The plot moves slowly, particularly in the first half of the book. The characters really are the focus, and the setting of Stranwyne Keep is also really well developed and described after Katherine’s original arrival. The lay of the land is quite important in the climax of the novel, so pay attention to all of that! Sometimes  I did find the descriptions of all the tunnels and secret doors and rooms a little confusing, probably not helped by the fact that I was listening to the audio book, so couldn’t just duck back a couple of pages or chapters to check things.

The climax itself is very exciting, though I did think the resolution of the situation with Aunt Alice and Cousin Robert was a little bit deus-ex-machina-y. Still, I was glad how things panned out. The book is definitely not a standalone, while many loose ends are tied up, some are not, and we are definitely left with questions. i plan to get to the sequel sometime in the very near future and revisit all these characters that I also came to really love.

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“We’re caught between life and death, Lucy, you and I.” // Review of “The Creeping Shadow” by Jonathan Stroud

Title: The Creeping Shadow (Lockwood & Co. #4)
Author: Jonathan Stroud
YA/urban fantasy
Date Read: 16/01/2017 – 23/01/2017
Rating: ★★☆



I normally love Jonathan Stroud’s books, but I have to admit, this is definitely the weakest of the Lockwood & Co. books. Having said that, it’s the seventh book I’ve read by this author and the first one that’s disappointed me, so I guess that’s not too bad a run.

This book had its moments, but overall it wasn’t as spooky as previous installments, nor did the tension seem as high. While Lockwood and Co. have their usual high-profile run-ins with ghosts and uncover some huge ghost-related conspiracies with huge implications for the United Kingdom, I found myself just not really caring.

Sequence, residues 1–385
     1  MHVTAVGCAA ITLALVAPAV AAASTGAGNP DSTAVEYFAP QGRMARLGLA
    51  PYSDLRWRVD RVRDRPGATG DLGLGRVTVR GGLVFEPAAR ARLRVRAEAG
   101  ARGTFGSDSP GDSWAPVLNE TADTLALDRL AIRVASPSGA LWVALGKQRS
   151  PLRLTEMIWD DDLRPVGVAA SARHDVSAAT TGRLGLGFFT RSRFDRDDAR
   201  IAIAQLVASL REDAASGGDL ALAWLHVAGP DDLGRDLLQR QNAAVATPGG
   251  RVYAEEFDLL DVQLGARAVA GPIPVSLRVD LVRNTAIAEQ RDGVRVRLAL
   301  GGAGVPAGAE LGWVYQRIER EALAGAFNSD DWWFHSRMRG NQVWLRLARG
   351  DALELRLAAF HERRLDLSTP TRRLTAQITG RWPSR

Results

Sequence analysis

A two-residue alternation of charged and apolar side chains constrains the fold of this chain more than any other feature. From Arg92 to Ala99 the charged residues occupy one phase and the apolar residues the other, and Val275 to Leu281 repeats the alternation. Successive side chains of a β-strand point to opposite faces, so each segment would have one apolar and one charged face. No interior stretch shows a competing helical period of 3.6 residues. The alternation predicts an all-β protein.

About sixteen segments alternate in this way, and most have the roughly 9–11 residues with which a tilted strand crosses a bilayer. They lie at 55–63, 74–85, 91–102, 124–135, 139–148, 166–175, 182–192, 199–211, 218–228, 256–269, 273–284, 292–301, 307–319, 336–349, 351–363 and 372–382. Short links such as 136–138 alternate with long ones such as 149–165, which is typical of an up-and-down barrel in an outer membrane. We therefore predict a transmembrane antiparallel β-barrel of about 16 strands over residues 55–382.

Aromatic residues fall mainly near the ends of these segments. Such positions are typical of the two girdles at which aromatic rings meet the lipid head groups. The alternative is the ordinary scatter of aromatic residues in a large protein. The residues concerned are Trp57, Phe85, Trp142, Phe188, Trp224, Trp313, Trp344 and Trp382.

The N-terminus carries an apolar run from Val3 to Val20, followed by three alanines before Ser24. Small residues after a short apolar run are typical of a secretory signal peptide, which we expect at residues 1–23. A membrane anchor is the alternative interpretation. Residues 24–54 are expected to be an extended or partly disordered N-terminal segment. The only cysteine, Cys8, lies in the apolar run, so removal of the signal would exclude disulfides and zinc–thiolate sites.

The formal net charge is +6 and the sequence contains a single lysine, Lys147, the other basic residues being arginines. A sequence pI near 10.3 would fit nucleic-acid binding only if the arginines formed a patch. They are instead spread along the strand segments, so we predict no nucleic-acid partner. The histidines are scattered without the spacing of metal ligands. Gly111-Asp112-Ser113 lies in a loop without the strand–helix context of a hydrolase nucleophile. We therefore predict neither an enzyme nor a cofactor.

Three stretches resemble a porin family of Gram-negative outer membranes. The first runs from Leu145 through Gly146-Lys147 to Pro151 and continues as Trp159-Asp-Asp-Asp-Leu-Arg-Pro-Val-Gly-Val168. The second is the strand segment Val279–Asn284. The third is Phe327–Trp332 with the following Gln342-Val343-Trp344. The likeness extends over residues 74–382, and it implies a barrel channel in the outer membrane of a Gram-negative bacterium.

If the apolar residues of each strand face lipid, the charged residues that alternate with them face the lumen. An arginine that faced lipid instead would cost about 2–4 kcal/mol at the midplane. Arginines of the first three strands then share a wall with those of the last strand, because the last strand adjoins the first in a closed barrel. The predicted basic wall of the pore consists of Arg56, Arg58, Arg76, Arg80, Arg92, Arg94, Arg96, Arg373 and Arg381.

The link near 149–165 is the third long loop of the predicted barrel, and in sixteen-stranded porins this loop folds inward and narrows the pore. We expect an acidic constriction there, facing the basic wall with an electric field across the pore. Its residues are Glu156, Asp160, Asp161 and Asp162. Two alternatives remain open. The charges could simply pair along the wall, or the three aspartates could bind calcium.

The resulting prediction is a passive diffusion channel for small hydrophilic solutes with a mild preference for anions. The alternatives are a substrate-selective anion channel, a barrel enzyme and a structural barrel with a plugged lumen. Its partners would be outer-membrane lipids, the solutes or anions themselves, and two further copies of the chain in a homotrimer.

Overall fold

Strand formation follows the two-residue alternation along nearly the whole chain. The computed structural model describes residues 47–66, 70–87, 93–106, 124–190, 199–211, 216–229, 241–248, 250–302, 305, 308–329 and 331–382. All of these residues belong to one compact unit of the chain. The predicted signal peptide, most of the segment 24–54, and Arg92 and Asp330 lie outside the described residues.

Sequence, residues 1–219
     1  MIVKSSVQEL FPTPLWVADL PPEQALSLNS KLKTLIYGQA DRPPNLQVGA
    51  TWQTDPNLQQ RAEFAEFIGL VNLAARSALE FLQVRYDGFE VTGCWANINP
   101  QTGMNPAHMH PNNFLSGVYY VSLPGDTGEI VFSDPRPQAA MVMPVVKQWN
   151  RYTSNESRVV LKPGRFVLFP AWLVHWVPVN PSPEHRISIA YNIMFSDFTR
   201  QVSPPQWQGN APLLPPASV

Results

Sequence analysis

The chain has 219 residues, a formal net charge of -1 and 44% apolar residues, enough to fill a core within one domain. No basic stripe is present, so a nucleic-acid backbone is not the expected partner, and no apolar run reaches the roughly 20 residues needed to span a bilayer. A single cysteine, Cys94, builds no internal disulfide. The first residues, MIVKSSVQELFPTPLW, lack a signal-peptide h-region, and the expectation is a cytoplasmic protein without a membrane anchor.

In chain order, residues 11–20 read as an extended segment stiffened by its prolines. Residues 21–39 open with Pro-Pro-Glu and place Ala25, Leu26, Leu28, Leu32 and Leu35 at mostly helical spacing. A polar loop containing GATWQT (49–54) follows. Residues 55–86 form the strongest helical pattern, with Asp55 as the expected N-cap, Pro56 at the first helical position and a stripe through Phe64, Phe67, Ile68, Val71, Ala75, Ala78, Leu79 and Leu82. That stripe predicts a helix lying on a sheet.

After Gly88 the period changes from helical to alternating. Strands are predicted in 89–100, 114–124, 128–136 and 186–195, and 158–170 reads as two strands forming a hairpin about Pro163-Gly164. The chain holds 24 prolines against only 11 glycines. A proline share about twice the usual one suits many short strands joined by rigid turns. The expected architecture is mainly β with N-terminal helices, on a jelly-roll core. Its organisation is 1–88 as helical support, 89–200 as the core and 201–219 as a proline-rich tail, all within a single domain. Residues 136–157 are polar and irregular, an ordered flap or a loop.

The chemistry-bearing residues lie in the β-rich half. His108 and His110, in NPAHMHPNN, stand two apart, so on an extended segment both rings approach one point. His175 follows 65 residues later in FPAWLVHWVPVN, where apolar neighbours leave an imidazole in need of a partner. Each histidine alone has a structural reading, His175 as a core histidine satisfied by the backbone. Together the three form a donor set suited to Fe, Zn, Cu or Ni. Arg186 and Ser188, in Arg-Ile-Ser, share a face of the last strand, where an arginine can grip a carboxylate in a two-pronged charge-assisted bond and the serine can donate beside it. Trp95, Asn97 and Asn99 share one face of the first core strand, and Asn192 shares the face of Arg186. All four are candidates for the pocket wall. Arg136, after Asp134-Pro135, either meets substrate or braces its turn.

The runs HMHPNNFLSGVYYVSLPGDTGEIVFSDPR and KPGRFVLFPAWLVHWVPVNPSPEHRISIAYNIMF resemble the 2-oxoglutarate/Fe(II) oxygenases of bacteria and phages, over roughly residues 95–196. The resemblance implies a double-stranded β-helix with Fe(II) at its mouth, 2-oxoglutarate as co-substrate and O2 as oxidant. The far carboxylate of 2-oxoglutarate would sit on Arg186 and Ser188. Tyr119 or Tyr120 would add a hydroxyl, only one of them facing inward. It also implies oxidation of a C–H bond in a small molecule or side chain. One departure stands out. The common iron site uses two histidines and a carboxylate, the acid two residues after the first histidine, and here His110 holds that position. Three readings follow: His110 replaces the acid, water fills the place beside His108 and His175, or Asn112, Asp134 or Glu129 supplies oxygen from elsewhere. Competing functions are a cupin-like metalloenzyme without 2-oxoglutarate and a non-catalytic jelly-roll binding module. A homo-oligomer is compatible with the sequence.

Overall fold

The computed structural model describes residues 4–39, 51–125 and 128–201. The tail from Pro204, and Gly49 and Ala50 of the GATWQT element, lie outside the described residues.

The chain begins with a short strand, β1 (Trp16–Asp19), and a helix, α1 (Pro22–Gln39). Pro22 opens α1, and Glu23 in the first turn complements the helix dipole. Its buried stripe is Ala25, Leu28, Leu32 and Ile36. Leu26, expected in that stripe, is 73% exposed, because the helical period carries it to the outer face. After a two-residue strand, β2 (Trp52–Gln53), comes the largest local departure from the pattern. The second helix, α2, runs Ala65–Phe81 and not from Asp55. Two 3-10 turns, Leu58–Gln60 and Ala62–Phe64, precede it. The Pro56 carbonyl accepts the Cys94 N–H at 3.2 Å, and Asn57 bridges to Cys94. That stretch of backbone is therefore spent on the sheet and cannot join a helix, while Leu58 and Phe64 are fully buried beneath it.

There were of course some good aspects. The banter between Lockwood & Co. was as good as always, and I appreciated that Lucy had got over her petty jealousies of Holly. The team really gelled in this book and after the arguments and stupid tensions in the previous book, that was really welcome. There were also some Lockwood/Lucy moments that were sweet without being saccharine. But while these types of moments redeemed the parts I disliked in the last book, they didn’t really lift my overall care factor for this one.

My final issue with this book, and one which I think probably compounded all the others, was that it was too long. It was 528 pages, and I think could have been cut down quite a bit. I did figure out one of the major plot points quite early on, so the characters’ detective work to discover it was no shock to me. As there is only one more book in this series, I will certainly see it through, but it was always disappointing when a favourite author doesn’t quite live up to expectations.

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Beat the Backlist Challenge 2017 #BeatTheBacklist


Recently I learned of this challenge over at It’s All About Books, and even though I had said no challenges in 2017, this one actually fits in quite well with my general reading goals for 2017, so I thought why not.

The 2017 Beat The Backlist challenge is hosted over at Novelknight. The aim of this challenge is to attack the books that have been languishing on your TBR for a while, while you’ve been favouring all those shiny, new releases as they come out. As such, no 2017 releases count towards the challenge, but everything published 2016 or earlier does. If you’re up for it, there’s also a Harry Potter themed mini-challenge running as well as other mini-challenges. I am just doing the bare bones, though, as I don’t really want to have another thing I have to remember to log each month or whenever.

My goals for the challenge will be as follows:

  • Read at least 20 books that I own
  • Read at least 20 books that I added to my GoodReads TBR prior to 2016.

I thought about doing a tentative challenge TBR but I decided against it. I’ll pick and choose from what I feel in the mood for at any one time.

At the moment my plan is to write an update on the first of each month, and I’ll also create a page under the “What’s all this?” link above to keep track of the books I read. My review posts will have the #BeatTheBacklist tag so that they end up in the right places on Twitter.

I read 93 books in 2016, so if I continue at that pace, I should be able to topple both these goals, as well as have plenty of time for new releases.